Ferdi checked his phone and winced. “Fiona needs me to meet up with Lady Freydis and I think it’s going to be a little harsh.” He straightened his jacket. “But I can always smooth talk the ladies.” He stood. “But don’t forget what I told you and stay in touch,” he said.

Noah watched Ferdi leave and then looked down at the book. Maybe he should go back to his dormant accounts and see where he could go with them. He’d talk to Lady Freydis and Kadogan about borrowing equipment and keep it all above board and honest. And what the hell was the Rose Library.

The Librarian

This is a book that I own and I can’t bring myself to write over it like the magician that annotated the version belonging to Lady Freydis, so I added some decorative pieces that were close.

“You’ve been decorating again,” Lady Freydis said. “It’s very soothing.”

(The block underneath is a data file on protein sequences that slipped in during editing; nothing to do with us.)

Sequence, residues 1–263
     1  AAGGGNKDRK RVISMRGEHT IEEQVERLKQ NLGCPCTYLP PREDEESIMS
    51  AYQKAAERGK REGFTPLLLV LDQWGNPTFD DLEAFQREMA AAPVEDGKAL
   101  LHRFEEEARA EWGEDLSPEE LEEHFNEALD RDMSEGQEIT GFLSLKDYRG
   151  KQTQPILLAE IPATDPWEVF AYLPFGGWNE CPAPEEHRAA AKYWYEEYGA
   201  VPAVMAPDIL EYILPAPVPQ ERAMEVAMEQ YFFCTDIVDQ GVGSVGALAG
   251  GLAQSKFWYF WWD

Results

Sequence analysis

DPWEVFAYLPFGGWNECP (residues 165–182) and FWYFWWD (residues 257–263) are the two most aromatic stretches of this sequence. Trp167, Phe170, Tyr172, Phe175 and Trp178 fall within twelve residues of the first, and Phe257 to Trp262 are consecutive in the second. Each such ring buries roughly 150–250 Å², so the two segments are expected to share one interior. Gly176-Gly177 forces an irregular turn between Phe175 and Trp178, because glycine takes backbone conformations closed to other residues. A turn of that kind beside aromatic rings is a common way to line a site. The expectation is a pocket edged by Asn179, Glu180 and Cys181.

“I felt like something calm,” Mina said, looking around the library. “I’m not sure about the candle, though.”

Lady Freydis raised an eyebrow. The library sprawled over four levels and had vast swathes of bookshelves filled with thousands of flammable books. “It’s not often that you see a candle in a library,” she said. “But it’s not near any books.”

Mina looked at the candle, carefully placed next to the window overlooking the garden and well away from the bookcases. “I just felt that it gave a good glow,” she said. “If I could rely on electricity, I could get one of those LED lights that flicker, but I don’t think that they feel the same.”

Lady Freydis shrugged. “You are in fairyland,” she said. “That’s why you can move the walls around and alter the time of day. I’ll enchant the candlestick so that nothing other than the candle will catch fire while it’s in Faerie.”